Student outreach project benefits chemical engineering program in Myanmar
New Colombo Plan funds a project to develop water and wastewater teaching materials in Yangon Technological University.
“Our expedition to Myanmar was so valuable,” says third year Chemical Engineering student Larissa Reihberg-Laaksonen. “The warm souls of everyone we met and the work we undertook was such a positive experience, and it was incredible to experience first-hand in another country something so directly related to my degree.”
As engineers, we are in a unique position to apply our technical skills in places they are needed most.
Niall Earle, third year UNSW Chemical Engineering student
Reihberg-Laaksonen was one of four students from the Schools of Chemical, Civil and Environmental Engineering who were funded by the New Colombo Plan to visit Yangon Technological University (YTU) in Myanmar as part of a project to develop water and wastewater teaching materials. The visit took place in January 2018 and they were supervised and significantly helped by Dr Amos Branch on the project which was initiated and set in motion last year by UNSW water filtration expert Pierre Le Clech.
An Associate Professor in the School of Chemical Engineering, Le Clech says his main research focus has always been developing technologies for water and wastewater treatment, but in recent years he has refocused his ideas to better accommodate the rapidly-growing discipline of humanitarian engineering and what he calls ‘appropriate technologies’ suitable for developing countries and remote areas.
“Appropriate technology means taking into account the socioeconomic environment in which the technologies will be implemented and used, in order to fine-tune their selection, design, operation and maintenance for a given environment,” he says.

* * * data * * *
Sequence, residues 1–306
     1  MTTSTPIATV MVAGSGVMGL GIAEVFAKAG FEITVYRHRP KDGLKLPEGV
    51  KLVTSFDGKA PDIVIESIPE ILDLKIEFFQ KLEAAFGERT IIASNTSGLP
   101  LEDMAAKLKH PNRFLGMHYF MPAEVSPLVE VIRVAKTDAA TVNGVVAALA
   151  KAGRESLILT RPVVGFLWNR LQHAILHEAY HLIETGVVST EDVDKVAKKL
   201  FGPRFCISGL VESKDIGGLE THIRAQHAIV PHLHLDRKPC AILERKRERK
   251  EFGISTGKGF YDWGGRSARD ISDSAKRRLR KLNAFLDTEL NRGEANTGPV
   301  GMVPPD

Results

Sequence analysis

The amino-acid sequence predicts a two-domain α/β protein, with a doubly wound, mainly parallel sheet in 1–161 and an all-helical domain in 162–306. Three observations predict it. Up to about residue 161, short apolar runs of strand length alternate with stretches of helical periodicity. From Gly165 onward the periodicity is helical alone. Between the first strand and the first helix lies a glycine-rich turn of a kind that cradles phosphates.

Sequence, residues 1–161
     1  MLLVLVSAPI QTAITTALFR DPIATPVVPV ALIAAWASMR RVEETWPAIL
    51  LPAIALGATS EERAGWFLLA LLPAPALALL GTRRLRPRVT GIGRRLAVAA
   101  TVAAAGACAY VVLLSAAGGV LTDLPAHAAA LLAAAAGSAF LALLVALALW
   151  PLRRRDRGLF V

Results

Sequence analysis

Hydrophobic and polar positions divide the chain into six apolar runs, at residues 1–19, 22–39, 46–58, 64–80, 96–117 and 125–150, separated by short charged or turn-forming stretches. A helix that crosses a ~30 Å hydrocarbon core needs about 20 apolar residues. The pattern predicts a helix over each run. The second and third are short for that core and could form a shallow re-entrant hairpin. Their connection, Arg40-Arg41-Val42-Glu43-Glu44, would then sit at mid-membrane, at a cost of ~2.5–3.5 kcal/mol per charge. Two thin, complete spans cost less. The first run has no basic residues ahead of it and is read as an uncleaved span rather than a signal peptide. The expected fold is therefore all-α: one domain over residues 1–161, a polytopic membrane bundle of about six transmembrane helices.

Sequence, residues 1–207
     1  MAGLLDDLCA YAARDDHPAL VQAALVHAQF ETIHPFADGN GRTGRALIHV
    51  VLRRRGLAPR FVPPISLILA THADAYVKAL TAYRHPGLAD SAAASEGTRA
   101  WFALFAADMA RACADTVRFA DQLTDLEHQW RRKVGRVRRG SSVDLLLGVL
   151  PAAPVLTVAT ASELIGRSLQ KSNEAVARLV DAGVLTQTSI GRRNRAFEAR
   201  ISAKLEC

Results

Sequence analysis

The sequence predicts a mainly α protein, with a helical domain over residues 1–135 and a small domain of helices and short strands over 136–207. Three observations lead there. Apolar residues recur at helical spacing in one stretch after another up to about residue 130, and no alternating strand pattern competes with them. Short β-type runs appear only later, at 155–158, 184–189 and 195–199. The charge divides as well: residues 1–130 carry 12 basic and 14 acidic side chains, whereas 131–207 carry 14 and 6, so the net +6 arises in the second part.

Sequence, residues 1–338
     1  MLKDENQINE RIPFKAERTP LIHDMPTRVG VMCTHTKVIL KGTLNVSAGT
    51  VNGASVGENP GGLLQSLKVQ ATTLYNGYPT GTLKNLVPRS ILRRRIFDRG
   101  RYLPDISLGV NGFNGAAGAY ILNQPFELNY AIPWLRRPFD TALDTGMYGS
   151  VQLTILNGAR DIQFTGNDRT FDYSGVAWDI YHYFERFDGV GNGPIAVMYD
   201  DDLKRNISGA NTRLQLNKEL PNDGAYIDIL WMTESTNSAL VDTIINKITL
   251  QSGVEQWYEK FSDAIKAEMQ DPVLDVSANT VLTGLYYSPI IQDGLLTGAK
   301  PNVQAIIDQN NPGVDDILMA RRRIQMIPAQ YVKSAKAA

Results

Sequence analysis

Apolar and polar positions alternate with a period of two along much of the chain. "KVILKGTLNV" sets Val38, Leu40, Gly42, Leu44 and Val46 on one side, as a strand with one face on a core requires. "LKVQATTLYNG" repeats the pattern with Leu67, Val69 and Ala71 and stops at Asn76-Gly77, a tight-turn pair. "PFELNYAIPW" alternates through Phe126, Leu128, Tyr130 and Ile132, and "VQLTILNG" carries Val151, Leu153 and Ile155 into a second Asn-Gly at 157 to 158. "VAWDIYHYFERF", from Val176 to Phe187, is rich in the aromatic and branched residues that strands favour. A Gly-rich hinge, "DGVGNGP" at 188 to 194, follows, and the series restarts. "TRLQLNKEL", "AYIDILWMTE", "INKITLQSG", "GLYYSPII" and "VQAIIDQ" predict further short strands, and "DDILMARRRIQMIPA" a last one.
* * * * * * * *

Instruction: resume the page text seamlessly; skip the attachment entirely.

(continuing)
“The main aim of this project was to help local students and academics develop appropriate teaching tools and tutorials as well as develop in-house, cheaply-built and locally-sourced demonstration systems to illustrate the principles behind water and wastewater treatment.”
Reihberg-Laaksonen says that prior to travelling she and her fellow UNSW students each researched a different type of water treatment process including sand filtration, activated carbon absorption and membrane separation. Her job was to learn all about membrane processes and she worked hard learning the basic science behind them and how to build a demonstration rig so she could pass this knowledge onto the students and academics when she got to YTU.
“When we arrived, we were able to explain the different types of water treatment systems and through the construction of rigs, demonstrate how each system worked and the basic operating conditions and governing equations behind them,” she says.
“Importantly, the majority of the materials we used were sourced from hardware shops in Yangon so the university staff and students can easily replicate these experiments in the future,” Reihberg-Laaksonen continues.
Third year Chemical Engineering student, Niall Earle, says he was inspired to apply for a place on the project because his father runs a human rights NGO and he is aware of the multitude of environmental and humanitarian problems across the Asia-pacific region. “As engineers, we are in a unique position to apply our technical skills in places they are needed most and unfortunately, water quality in developing countries is a pertinent issue which is rooted in complex political, economic, social and ecological factors,” he says.
“Experiences like this are bound to throw up unique insight and nuance along the way and developing a YTU foreigners guide was an unexpected achievement. It felt entirely natural to document our experiences including arrival tips, language tips, locations and local etiquette so we can help the next wave of UNSW students when they visit Myanmar,” he says.
Le Clech says UNSW’s relationship with YTU goes back to 2013 shortly after it was permitted to resume enrolling Bachelor of Engineering students. “Prior to that, YTU had been closed for almost 20 years and was essentially a blank slate with empty labs and no teaching materials,” he says.
“This provided the inspiration for UNSW to start donating equipment, expertise and course material to help rebuild their engineering degree programs and since then the partnership has flourished.”
Click here to watch a short video from the trip.